Max Groenteman (28) is originally from the Rotterdam area, but has been living in Amsterdam for ten years and has been a regular visitor to Chabad on Campus for almost as long. Max studied International Sports Management and Business at the Hogeschool van Amsterdam, for which he did several internships abroad (South Africa, Bali and Israel). Currently, he works as team lead of the customer onboarding team for Benelux at Virtuagym.
You have been part of Yanki’s Chabad on Campus community for almost a decade, but what role did the Jewish community play for you before you moved to Amsterdam?
From a very young age, two or three years old, I went to Jewish lessons at the NIK in Rotterdam. In that community, under the guidance of Rabbi Yehuda Vorst, I also became bar mitzvah. Because we were with my father in Amsterdam every other weekend, we went to Jewish lessons in Rotterdam every other Sunday.
But like most Jewish boys, after my bar mitzvah I visited the community much less. However, as a family we still went to the big holidays like Yom Kippur and Rosh Hashanah. My family is mainly culturally-minded and so we mainly celebrated the holidays at home.
When you started studying in Amsterdam, you chose to engage with Judaism again, how did you come to that decision?
After my first year of study in Amsterdam, during which I paid very little attention to Judaism, I noticed that I started to miss it. Especially during the holidays, I gradually became more involved again and went to all kinds of organisations, such as IJAR and the shul in Amstelveen.
Somehow I came into contact with a Jewish student from The Hague and he took me to Yanki for the first time. I think that was also one of the first times that Yanki organised something. The way Yanki organised (and still organises) his events was one of the reasons for me to visit frequently and these events have been a big part of my Jewish life in Amsterdam.
I always really like the ‘degree of religiosity’ at Yanki’s, for example: it’s a bit formal, but it’s not like there are high expectations of you. Apart from that, it was the bit of Jewish life I missed, like the social contacts and the Shabbats on Friday evenings. But also, of course, the chance of finding a Jewish partner. And I also met one of my current best friends at Yanki!
It’s also very nice that Chabad on Campus is now aimed not just aimed at students, but also at Young Professionals. This has allowed me to reconnect with the visitors and I still find it very enjoyable to drop by regularly.
You have done many internships abroad, which experiences will you never forget?
Something I will really never forget was when Yanki organised a special South African-themed shabbat before my internship in South Africa. This was really fun and took place before Rochel, Yanki’s first daughter, was born. I remember that someone told me that she would be able to walk when I got back from my internship.
Then I also did an internship in Israel, among others with a programme of Masa called ‘Tikkun Olam’. Through them I ended up at Mifalot. Among other things, I worked on a project where an Israeli (from Holon) and a Palestinian (from Hebron) football team trained separately, but met once in a while to play football against each other.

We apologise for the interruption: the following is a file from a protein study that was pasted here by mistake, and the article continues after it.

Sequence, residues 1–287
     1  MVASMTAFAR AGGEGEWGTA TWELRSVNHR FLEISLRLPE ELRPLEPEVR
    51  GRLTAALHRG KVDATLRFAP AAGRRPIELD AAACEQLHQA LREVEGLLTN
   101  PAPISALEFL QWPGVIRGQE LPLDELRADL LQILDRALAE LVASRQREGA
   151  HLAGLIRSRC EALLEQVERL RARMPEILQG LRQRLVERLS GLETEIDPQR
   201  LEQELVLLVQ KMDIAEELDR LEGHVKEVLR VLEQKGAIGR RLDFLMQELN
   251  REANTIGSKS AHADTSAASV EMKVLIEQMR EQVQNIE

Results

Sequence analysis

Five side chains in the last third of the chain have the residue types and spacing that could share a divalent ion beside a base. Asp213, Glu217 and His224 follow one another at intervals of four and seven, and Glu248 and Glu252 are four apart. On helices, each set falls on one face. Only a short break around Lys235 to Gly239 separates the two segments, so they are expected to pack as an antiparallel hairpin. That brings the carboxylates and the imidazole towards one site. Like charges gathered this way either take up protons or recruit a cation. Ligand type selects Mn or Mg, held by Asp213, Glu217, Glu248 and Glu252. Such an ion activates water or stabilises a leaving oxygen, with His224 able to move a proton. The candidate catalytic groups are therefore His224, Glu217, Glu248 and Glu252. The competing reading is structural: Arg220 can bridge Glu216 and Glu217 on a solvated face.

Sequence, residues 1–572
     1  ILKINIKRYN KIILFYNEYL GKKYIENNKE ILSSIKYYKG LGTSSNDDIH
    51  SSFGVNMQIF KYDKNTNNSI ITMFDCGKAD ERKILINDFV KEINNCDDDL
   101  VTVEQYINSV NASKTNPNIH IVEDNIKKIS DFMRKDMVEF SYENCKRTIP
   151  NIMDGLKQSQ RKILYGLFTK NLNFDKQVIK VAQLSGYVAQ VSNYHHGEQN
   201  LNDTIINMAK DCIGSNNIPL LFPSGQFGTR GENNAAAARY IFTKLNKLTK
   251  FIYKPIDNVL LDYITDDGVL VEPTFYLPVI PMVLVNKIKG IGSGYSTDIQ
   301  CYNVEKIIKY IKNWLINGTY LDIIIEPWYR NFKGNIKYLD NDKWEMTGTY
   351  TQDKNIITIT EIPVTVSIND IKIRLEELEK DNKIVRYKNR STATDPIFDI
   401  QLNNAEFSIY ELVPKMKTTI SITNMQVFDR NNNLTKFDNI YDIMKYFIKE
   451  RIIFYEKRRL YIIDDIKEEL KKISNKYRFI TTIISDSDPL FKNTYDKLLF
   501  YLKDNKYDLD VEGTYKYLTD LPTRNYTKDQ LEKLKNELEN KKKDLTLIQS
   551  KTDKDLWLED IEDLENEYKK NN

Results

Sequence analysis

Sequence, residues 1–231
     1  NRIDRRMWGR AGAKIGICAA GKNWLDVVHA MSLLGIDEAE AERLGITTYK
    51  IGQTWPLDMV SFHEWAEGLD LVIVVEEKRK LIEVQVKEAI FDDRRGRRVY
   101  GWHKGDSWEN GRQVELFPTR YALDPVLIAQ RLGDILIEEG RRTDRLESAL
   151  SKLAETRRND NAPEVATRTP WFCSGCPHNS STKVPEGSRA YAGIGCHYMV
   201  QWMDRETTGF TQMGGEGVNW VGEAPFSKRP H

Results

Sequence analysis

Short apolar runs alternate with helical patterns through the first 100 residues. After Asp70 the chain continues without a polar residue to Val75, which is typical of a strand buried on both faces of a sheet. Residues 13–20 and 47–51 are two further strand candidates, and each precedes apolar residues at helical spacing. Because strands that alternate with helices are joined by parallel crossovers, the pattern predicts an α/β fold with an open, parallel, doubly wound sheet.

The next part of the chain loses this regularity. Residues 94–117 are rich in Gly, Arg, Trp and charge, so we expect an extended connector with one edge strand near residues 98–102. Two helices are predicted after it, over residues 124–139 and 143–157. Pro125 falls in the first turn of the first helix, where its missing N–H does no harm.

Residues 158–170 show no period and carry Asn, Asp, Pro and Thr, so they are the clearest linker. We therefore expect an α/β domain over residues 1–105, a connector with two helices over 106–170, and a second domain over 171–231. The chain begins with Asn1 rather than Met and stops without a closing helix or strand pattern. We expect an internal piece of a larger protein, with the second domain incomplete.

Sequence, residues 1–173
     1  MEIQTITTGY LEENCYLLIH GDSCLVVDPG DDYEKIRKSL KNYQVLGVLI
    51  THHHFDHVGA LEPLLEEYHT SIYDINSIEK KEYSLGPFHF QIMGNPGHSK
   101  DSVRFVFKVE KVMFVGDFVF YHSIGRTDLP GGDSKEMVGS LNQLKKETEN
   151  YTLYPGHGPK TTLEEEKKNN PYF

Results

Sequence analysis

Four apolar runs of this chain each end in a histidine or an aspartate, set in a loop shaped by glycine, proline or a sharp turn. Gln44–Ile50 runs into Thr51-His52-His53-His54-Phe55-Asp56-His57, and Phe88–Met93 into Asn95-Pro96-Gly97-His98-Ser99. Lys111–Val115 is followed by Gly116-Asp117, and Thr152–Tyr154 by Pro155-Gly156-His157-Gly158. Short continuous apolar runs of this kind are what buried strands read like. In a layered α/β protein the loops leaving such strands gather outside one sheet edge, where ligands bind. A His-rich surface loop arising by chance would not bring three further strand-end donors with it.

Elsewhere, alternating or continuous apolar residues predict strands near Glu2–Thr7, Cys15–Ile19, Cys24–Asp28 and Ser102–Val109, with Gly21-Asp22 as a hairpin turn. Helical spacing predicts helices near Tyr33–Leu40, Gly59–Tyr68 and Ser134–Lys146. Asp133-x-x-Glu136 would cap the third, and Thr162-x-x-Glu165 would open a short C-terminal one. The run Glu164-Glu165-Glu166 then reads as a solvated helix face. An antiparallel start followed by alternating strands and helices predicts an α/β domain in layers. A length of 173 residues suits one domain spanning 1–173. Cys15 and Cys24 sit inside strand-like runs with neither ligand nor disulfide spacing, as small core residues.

Moreover, I worked on another programme related to football: Homeless World Cup. In many countries around the world they have a homeless football team and coincidentally my internship company did as well. That year, the football world cup for homeless people was in Amsterdam and I was involved with the Israeli team as a team manager and fundraiser.
You also became a vegan, how did you come to that decision and is it easy to combine with the holidays, for example?
It actually started during my internship in Israel. I had a friend there who had survived cancer and he wasn’t necessarily vegan, but he didn’t eat anything with a nervous system. Later, I dated a girl who only ate vegan. Through them, the seed was actually planted for my decision to stop eating animal products.
I remember a moment in a vegan restaurant in Tel Aviv where I got into a conversation with a man who baked (vegan) burgers. When he said that he had chosen that lifestyle because of the way the animal industry treats animals, I immediately thought to myself that I should do something about that as well. Until that moment, I had not been very involved in the matter and I always thought that vegans only ate grass.
“Until that moment, I had not been very involved in the matter and I always thought that vegans only ate grass.”
When I returned to the Netherlands, I started doing more research and eventually phased out the consumption of animal products. My family thought that it was quite extreme at first, but in the end they were very supportive and understanding. My grandmother always makes delicious vegan food for me when I visit. But because my mum eats lactose and gluten-free, my grandma always drives us crazy. If we ask her teasingly whether it’s gluten-free or vegan, she’ll jokingly reply, “If you ask me one more time, I’ll put meat in your food!
Esty is also super nice and if she knows I’m coming to Chabad on Campus she always makes vegan challe or sushi salad. Half of the starters are always vegan too, so there is always more than enough delicious food at Yanki and Esty’s house for vegans!
Want to learn more about the members of our Chabad on Campus community? Have a look at our other Spotlights!